Archaeologists have unearthed what’s likely the oldest smiley face humanity has ever produced — painted 3,700 years ago on the side of a portly pitcher in southeastern Turkey.

Smiley jug.

This is the most uplifting jug I’ve ever seen.

A team of Turkish and Italian archaeologists digging in the ancient city Hittite city of Karkemish, today at the Turkish-Syrian border, found the sort of item you don’t know you want but get really hyped over after finding it — the first smiley face humanity has ever produced. That we know of.

It is, in fact, a rather rotund off-white pitcher whose side is adorned with a cheery, black curved line topped by two dots.

“The smiling face is undoubtedly there [no other traces of paint were found on the flask] and has no parallels in ancient ceramic art of the area,” said Dr. Nicolo Marchetti from the Bologna University, who led the excavation works.

The pitcher was, at first, quite unremarkable. Found in a burial chamber, it features a short thin neck and small handle to go with its wide body. The team says it dates back to 1,700 BC and was used to hold a sweet, sherbet-like drink for the deceased to enjoy in the afterlife. The smiling face was discovered only after the pot was sent back to the lab for restoration, according to Turkish news agency Anadolou.

Karkemish has a long history. Established somewhere in the 6th millennium B.C., it was occupied up until the late Middle Ages. Its ruins were first discovered and excavated since the late 19th century, but as the pitcher goes to show, there are still things to be found here.

The joint Italian-Turkish team has been digging here every summer since 2011. The smiling pitcher is among their latest findings, but it’s by no means the only one. Their other trophies include 250 clay bullae, which were tokens pressed with seals and served to provide proof of authenticity to legal or commercial documents. Some feature the seals of some of the highest ranking Hittite elite of the city, most notably that of Taya or Tahe, prince and “charioteer of the goddess Kubaba.”

Clay bullae.

Some of the clay bullae unearthed at Karkemish.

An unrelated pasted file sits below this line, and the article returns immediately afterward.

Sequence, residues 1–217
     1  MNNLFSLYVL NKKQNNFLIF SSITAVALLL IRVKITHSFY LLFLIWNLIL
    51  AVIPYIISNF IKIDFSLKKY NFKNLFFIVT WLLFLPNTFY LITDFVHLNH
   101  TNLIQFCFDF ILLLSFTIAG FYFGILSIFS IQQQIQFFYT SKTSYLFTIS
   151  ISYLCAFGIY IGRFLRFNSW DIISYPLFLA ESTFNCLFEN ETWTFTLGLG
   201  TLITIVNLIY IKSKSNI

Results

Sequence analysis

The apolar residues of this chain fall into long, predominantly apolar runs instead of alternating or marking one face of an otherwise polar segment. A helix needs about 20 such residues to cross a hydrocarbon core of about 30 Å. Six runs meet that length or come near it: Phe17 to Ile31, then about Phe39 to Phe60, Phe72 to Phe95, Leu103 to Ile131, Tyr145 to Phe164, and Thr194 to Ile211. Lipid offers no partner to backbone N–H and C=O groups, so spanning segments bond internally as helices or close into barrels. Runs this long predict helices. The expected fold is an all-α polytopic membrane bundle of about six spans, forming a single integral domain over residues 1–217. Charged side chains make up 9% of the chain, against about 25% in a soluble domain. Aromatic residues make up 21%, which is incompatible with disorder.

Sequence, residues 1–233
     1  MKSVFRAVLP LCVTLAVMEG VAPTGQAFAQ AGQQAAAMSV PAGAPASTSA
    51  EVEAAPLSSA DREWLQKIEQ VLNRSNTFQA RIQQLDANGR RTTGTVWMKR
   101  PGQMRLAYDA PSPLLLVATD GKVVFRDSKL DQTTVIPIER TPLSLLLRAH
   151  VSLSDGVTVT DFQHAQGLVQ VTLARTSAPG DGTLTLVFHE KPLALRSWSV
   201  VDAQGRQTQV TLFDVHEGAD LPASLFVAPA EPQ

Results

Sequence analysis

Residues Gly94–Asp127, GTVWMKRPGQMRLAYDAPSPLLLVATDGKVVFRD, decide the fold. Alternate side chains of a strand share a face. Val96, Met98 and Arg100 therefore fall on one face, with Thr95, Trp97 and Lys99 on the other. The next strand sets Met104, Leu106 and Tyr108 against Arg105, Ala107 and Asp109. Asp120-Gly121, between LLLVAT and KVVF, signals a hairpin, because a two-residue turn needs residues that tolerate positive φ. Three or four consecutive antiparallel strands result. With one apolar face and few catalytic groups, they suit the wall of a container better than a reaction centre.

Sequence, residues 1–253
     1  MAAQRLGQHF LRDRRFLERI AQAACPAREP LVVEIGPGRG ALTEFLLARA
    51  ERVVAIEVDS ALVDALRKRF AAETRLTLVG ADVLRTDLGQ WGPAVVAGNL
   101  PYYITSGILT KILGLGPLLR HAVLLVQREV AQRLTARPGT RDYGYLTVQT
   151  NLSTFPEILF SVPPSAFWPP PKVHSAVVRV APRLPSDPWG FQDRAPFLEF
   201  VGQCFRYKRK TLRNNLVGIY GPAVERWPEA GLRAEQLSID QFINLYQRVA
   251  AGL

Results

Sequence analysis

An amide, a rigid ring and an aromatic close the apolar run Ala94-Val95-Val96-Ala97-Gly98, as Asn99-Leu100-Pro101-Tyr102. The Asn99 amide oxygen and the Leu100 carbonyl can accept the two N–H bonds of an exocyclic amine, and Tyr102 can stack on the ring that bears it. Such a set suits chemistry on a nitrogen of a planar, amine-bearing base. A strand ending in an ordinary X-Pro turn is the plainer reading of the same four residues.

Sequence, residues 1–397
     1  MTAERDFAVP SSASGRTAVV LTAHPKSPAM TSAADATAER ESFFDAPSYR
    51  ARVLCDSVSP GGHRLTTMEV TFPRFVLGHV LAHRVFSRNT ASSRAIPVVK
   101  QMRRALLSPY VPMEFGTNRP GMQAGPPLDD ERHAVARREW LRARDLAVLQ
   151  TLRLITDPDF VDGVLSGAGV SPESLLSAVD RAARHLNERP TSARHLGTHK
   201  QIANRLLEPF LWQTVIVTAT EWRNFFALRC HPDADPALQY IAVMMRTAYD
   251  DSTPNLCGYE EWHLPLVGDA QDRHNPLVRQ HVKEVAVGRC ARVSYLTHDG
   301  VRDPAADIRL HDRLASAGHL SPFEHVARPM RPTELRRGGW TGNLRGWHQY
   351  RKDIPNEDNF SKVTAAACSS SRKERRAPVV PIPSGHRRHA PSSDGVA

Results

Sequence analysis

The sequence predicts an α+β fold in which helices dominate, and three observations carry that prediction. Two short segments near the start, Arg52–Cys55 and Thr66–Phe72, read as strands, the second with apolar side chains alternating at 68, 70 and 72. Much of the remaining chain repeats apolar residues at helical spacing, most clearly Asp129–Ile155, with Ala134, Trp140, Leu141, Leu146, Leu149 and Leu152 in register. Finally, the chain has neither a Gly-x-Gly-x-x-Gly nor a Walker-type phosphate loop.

The bullae were found in the late Bronze age layer, and likely date from the 13th century B.C., when Karkemish served as the seat of the Hittite Viceroy who controlled the region. Researchers hope that such a huge number of bullae will offer insight into how the people, trade and administrative systems of Karkemish all fit together during the city’s golden age.

Another exciting find is a large basalt relief showing two gryphons. This was likely carved in the latter part of the 10th century B.C. under the Neo-Hittite king Katuwa, known for his building projects. The relief was likely paired up with a similar sculpture of a winged bull, which was discovered during last year’s excavation. The remains of a massive fortress and a grain silo, both dating around 1100 B.C., were also discovered.

Gryphon stone.

Go house Gryffindo… stone! Gryffinstone!

Although currently in a pretty dangerous area, Karkemish will be opened to the public (for the first time) as the Karkemish Ancient City Archaeological Park on May 12th, 2018. The smiley jug will be put on display at the nearby Gaziantep Museum of Archaeology.

Hopefully, the team’s efforts will help towards preserving the incredibly rich historical legacy of this area, much of which has been destroyed by the Syrian conflict and radical groups such as ISIS.

The Hittites hailed from Anatolia and built an empire stretching from modern-day Greece, to Egypt, Turkey, and well into Syria. It eventually fragmented into smaller states during the Bronze Age and was conquered by the Neo-Assyrian empire around 1,178 BC. Apart from giving us the oldest smiley, they also traded with the people that gave us the oldest known song.

All image credits to the Turco-Italian Archaeological Expedition at Karkemish.

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